As rescue workers ended their search for victims of the Rana Plaza disaster, H&M -- the largest global buyer of garments from Bangladesh -- announced on Monday that it will sign a legally binding fire and building safety agreement to ensure safer working conditions in its factories in the country.
Labor activists have applauded the move, calling H&M's participation in the PVH-Tchibo plan "crucial." Scott Nova, executive director of the Worker Rights Consortium, a Washington-based factory monitoring group, told the New York Times: “They are the single largest producer of apparel in Bangladesh, ahead even of Wal-Mart. This accord now has tremendous momentum.”
The plan mandates rigorous monitoring and building inspections, and requires retailers to help finance fire and safety improvements in the factories they work with, according to the Times:
The factory safety agreement calls for independent, rigorous factory safety inspections with public reports and mandatory repairs and renovations underwritten by Western retailers. It also calls for retailers to stop doing business with any factory that refuses to make necessary safety improvements, and for workers and their unions to have a substantial voice on factory safety.
Ever since the collapse of the Rana Plaza building on April 24 on the outskirts of Dhaka, Bangladesh’s capital, H&M, Wal-Mart, Gap and other companies have faced intense pressure to sign the agreement. Until Monday, only two other companies had: PVH, the parent company of Calvin Klein and Tommy Hilfiger, and Tchibo, a German retailer.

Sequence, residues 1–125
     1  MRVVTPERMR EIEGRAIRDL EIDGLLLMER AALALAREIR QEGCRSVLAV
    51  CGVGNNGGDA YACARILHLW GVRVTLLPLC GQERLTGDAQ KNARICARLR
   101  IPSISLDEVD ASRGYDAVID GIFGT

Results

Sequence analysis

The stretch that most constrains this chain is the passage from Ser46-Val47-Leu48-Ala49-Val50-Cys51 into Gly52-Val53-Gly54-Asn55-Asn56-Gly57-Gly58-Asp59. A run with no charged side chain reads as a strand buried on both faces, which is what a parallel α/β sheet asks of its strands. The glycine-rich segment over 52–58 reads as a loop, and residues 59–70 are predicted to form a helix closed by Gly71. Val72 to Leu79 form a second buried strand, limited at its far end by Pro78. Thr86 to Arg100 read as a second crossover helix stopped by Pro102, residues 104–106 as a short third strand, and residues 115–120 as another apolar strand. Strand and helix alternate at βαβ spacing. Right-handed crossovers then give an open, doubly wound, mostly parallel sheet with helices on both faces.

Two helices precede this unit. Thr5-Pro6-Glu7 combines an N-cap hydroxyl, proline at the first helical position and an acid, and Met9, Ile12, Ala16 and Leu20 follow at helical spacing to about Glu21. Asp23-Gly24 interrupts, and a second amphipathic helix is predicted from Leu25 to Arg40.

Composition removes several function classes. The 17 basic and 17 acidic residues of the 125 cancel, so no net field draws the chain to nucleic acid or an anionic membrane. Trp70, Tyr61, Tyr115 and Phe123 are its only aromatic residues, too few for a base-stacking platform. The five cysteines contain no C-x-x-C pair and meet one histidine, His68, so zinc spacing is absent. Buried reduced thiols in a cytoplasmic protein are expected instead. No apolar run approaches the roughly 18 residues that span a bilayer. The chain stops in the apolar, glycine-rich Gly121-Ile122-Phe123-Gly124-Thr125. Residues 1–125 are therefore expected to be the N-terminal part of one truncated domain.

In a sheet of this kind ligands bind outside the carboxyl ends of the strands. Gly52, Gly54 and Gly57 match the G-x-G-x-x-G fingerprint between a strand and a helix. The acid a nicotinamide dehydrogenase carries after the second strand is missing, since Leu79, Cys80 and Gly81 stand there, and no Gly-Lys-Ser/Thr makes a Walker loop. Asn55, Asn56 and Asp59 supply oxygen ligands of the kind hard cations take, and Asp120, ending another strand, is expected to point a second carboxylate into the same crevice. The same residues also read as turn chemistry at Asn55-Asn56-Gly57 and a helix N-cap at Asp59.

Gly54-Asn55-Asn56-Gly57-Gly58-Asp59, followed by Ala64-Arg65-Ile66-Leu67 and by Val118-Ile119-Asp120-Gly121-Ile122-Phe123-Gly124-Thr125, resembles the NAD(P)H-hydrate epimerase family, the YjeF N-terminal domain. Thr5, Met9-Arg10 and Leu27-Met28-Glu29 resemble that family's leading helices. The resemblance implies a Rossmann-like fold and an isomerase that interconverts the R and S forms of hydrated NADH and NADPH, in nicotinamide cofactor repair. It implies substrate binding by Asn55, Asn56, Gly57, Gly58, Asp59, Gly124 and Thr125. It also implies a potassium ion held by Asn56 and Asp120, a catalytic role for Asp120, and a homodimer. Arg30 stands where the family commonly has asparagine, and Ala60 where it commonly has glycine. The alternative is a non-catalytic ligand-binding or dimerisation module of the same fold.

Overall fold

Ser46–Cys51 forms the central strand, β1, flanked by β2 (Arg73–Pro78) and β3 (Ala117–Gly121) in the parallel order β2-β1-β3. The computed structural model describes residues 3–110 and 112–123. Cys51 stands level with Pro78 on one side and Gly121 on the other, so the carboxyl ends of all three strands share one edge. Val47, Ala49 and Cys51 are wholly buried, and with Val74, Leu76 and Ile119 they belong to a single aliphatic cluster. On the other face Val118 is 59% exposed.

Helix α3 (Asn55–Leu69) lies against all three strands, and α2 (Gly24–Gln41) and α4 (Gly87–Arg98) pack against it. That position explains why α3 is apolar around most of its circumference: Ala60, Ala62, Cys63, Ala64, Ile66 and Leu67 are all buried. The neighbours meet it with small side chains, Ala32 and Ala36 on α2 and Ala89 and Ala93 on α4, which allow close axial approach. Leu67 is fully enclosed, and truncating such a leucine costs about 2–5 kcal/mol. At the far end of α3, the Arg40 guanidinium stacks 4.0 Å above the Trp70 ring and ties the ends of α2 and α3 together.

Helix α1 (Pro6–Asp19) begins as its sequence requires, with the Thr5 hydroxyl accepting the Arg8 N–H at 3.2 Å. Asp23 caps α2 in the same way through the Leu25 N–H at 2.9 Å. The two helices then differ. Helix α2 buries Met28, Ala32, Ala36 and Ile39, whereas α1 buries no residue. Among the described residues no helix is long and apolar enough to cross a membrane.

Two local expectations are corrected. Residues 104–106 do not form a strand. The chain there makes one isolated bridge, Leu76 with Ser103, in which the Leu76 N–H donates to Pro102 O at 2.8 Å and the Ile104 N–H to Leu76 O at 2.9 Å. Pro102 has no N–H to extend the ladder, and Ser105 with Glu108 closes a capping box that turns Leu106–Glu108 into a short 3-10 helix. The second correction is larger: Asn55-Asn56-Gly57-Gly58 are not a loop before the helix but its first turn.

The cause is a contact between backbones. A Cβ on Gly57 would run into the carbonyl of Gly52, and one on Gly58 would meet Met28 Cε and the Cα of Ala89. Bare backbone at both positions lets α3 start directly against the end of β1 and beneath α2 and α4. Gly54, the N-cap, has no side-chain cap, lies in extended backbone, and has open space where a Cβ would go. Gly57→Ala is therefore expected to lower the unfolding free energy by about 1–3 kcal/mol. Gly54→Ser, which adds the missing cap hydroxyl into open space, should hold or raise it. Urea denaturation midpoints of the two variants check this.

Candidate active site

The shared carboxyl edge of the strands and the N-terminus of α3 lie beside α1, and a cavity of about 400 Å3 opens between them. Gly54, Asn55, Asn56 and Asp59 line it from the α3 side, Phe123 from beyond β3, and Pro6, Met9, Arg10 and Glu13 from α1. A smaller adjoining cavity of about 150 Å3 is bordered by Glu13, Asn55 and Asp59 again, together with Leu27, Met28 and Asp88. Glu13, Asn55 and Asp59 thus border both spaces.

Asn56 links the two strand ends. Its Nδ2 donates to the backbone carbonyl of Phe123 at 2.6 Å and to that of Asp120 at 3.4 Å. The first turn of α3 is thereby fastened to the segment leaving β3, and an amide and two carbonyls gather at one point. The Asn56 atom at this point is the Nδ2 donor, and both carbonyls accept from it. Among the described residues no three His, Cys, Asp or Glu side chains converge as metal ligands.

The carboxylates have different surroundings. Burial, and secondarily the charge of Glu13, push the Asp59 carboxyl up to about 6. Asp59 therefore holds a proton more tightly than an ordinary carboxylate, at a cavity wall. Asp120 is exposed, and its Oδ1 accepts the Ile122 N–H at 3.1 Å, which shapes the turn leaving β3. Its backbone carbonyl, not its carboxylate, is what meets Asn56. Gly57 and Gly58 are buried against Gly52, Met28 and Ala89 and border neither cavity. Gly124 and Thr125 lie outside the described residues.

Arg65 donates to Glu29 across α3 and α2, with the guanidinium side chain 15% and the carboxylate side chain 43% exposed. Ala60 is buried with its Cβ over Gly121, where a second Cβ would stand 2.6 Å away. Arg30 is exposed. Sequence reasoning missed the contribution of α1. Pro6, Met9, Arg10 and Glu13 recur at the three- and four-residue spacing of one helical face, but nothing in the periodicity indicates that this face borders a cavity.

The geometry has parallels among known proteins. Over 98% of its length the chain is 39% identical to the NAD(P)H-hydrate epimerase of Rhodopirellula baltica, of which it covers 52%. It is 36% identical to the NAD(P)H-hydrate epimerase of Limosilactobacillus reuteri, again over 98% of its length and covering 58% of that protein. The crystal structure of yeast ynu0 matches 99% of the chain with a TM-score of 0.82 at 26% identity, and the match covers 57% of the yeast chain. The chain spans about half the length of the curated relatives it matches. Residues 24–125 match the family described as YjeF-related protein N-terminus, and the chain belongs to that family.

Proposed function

In announcing its move, H&M said that “in order to make an impact and be sustainable,” the agreement “would need a broad coalition of brands.” A company statement said the agreement commited a company to the goal of a safe and sustainable garment industry in Bangladesh “in which no worker needs to fear fires, building collapses or other accidents that could be prevented with reasonable health and safety measures.”
Advocates are hopeful that H&M's involvement will help persuade other major retailers to sign the agreement, creating a broad coalition of companies to ensure better worker safety standards. Shortly after H&M announced its involvement, Spain's Inditex, the parent company of Zara and other brands, also agreed to sign on. The deadline is Wednesday for other companies, like Wal-Mart and the Gap (which have also been targeted by labor rights activists), to agree to the plan.
In addition to reigniting calls for corporate responsibility for labor standards, the tragic and preventable disaster at Rana Plaza, which killed 1,127 and injured many more, also prompted Bangladesh's textile minister to recommend raising the minimum wage for textile workers.
As reported by the Associated Press:
A new minimum wage board will issue recommendations for pay raises within three months, Textiles Minister Abdul Latif Siddiky said Sunday. The Cabinet will then decide whether to accept those proposals.
The wage board will include representatives of factory owners, workers and the government, he said.